What makes someone Jewish and who gets to decide? These questions divide Jews in the Diaspora from those in Israel and divide Jews from one another everywhere. While there is no Jewish consensus on the definition of the Jews or on who has the right to decide, most Jews, I suspect, are united in this conviction: non-Jews (that is, people who make no claim to being Jewish themselves) have no business participating in this debate. All the more so when those non-Jews are regarded as hostile to Jewish interests. So when they confront the Palestine Liberation Organization’s declaration in its founding charter of 1964 that “Judaism, being a religion, is not an independent nationality. Nor do Jews constitute a single nation with an identity of its own; they are citizens of the states to which they belong,” Jews tend not only to underscore the self-serving nature of those lines but also to protest reflexively and adamantly: Who are the Palestinians to tell us Jews what Judaism is and what makes us Jews?! (Some also add—apparently without recognizing the irony—that there is no such thing as a “Palestinian” anyway, as they are simply Arabs.) But what if that Palestinian definition of the Jews and Judaism were actually a (not the but a) Jewish definition? How might the PLO charter be understood differently if we were to see German and American Reform rabbis, rather than Palestinian militants, behind the definition of the Jews and Judaism that the Palestinian charter espoused?
Assistant Professor of Near Eastern Studies and the Program in Judaic Studies, Princeton University
Read Jonathan Gribetz's fascinating history of the PLO's explorations and use of Reform Judaism in his essay "The PLO's Rabbi: Palestinian Nationalism and Reform Judaism" in JQR 107.1 (Winter 2017). On newsstands now.
Personal/Interpersonal: I, We, and You in Jewish Culture and History
This ongoing Katz Center partnership with the Hebrew University of Jerusalem alternates between Philadelphia and Jerusalem each year. It brings together faculty and graduate students from diverse fields and institutions for a week of intensive teaching and learning. This year's theme will explore the place of individuals and the relationships between individuals in Jewish societies, past and present.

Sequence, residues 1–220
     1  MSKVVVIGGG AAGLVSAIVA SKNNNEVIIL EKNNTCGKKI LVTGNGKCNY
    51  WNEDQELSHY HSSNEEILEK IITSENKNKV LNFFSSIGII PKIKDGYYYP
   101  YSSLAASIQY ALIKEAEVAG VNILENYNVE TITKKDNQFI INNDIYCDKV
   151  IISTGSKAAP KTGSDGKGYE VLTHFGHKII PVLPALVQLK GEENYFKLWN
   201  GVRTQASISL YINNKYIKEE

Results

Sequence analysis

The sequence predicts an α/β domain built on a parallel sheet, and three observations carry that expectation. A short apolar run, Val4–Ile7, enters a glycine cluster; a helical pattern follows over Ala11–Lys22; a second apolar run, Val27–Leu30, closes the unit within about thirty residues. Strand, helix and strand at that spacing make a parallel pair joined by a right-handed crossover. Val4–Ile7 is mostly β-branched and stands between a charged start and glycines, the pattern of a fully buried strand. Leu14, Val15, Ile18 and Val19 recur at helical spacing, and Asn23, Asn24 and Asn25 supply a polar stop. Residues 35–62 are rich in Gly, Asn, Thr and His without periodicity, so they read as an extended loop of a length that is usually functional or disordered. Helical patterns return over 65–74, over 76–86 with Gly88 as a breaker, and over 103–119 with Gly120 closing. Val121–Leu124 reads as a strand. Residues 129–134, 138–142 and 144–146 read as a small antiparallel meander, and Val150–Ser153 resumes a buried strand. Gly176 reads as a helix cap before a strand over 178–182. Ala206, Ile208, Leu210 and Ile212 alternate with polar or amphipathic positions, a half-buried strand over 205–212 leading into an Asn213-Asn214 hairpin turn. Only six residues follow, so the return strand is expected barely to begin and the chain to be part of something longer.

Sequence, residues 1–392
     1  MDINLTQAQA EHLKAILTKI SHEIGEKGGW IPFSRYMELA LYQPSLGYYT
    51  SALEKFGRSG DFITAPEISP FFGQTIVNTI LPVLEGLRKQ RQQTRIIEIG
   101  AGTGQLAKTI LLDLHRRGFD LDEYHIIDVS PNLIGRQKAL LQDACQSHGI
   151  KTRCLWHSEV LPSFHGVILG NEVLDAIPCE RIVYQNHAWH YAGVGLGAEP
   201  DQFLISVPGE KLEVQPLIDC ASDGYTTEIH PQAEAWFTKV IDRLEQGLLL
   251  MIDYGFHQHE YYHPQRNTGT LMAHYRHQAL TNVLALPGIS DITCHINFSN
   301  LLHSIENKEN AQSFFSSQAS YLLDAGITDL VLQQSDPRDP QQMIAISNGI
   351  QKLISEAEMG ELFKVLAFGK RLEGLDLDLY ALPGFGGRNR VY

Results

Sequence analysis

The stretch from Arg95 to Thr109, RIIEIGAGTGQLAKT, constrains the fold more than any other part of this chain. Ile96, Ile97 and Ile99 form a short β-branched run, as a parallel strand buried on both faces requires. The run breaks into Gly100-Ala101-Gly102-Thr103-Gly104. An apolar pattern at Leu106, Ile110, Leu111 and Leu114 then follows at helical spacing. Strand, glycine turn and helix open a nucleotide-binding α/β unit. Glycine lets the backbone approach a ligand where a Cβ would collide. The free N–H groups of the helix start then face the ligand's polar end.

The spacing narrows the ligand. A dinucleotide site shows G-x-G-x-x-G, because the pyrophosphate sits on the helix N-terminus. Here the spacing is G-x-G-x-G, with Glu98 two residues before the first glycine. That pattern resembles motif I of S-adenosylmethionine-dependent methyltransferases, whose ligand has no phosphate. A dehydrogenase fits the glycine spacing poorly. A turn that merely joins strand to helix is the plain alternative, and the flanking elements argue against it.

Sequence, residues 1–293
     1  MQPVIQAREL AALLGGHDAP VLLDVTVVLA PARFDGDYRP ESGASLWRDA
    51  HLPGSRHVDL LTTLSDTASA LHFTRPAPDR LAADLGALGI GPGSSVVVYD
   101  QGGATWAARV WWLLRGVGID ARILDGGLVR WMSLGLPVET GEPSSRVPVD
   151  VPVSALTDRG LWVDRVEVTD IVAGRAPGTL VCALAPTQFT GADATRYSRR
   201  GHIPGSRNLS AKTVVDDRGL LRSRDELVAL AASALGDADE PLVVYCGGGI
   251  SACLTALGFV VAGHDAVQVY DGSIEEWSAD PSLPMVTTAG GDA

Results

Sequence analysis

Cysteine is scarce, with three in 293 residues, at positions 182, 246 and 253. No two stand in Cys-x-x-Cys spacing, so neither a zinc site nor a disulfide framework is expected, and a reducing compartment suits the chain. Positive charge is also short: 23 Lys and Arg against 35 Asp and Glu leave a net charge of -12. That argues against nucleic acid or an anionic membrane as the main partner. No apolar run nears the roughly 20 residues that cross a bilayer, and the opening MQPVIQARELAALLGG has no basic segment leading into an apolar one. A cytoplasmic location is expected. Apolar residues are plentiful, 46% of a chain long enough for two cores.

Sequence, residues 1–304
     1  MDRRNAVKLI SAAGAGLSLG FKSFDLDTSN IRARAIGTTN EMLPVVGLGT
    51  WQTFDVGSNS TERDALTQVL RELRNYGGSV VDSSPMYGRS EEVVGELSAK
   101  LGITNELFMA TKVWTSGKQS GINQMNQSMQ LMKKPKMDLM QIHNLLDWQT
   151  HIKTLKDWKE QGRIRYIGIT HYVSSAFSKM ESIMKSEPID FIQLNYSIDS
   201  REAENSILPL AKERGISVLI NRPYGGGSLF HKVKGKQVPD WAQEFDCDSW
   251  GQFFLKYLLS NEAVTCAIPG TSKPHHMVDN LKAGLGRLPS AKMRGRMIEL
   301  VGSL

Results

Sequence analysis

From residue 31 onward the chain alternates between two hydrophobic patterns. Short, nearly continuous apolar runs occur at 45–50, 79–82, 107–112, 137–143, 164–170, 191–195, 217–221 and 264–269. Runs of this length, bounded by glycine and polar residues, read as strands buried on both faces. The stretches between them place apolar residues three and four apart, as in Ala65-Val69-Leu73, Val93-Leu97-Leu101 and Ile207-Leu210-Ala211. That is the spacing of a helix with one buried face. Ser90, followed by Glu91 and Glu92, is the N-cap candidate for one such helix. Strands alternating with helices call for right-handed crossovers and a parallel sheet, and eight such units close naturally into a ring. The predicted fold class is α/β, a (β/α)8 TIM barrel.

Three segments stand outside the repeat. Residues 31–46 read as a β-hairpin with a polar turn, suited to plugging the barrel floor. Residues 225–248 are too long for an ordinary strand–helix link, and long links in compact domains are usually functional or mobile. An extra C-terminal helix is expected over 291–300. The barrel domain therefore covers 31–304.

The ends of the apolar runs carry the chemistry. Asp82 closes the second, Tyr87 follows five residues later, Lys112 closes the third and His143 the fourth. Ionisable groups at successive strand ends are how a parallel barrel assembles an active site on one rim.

Full details, including this year's faculty, and the application portal (due March 1) are here: http://en.mandelschool.huji.ac.il/summerschool.
Congratulations to past fellow Sylvie Anne Goldberg (Prescriptive Traditions and Lived Experience, 2003-2004) and Penn Hillel director (and current LEAP fellow) Mike Uram on their recognition by the Jewish Book Council. Goldberg was a finalist for the Nahum M. Sarna Memorial Award for best book of scholarship for her Clepsydra: Essay on the Plurality of Time in Judaism (SUP). Uram won for best book on education and Jewish identity for his Next Generation Judaism: How College Students amd Hillel Can Help Reinvent Jewish Organizations.
Fellowship alumna Eva Mroczek (Beyond Reason, 2015-2016) has won a Manfred Lautenschlaeger Award for Theological Promise, whoch recognizes outstanding doctoral or first post-doctoral works that address the topic "God and Spirituality," broadly understood. Every year, ten scholars are selected for this honor by an international committee of evaluators from 18 countries.
The Cashmere Subvention Grant in Jewish Gender, Sexuality, and Women's Studies has been awarded to past fellow Natalia Aleksiun (Wissenschaft, 2014-2015) and Elissa Bemporad for their forthcoming volume, Gender and Jewish Women in Central and Eastern Europe.
Fellowship alumnus Andrew Berns (Wissenschaft 2014-2015) has been awarded the Helen and Howard R. Marraro Prize from the American Catholic Historial Association for his book, The Bible and Natural Philosophy in Renaissance Italy: Jewish and Christian Physicians in Search of Truth.
The Katz Center is delighted to announce its incoming cohort of fellows on the topic Political Ramifications: Expanding Jewish Political Thought. They are an extraordinarily talented group of scholars drawn from throughout North America, Israel, and Europe. Their collective expertise will extend political theory into conversation with legal theory, history, economics, literature, gender studies and even musicology.
For more about our fellows and their research, click here.
This fellowship year promises many opportunities to explore the intersections of Jewish studies and political theory. See our calendar for Katz Center-related events on campus and beyond, many of which will be open to the public.